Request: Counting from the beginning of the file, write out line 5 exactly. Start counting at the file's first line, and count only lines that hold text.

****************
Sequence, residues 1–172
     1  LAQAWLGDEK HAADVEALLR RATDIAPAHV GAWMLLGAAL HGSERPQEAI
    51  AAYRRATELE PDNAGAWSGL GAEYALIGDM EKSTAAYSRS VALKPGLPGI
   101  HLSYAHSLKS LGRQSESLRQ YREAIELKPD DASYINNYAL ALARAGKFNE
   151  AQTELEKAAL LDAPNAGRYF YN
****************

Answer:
   151  AQTELEKAAL LDAPNAGRYF YN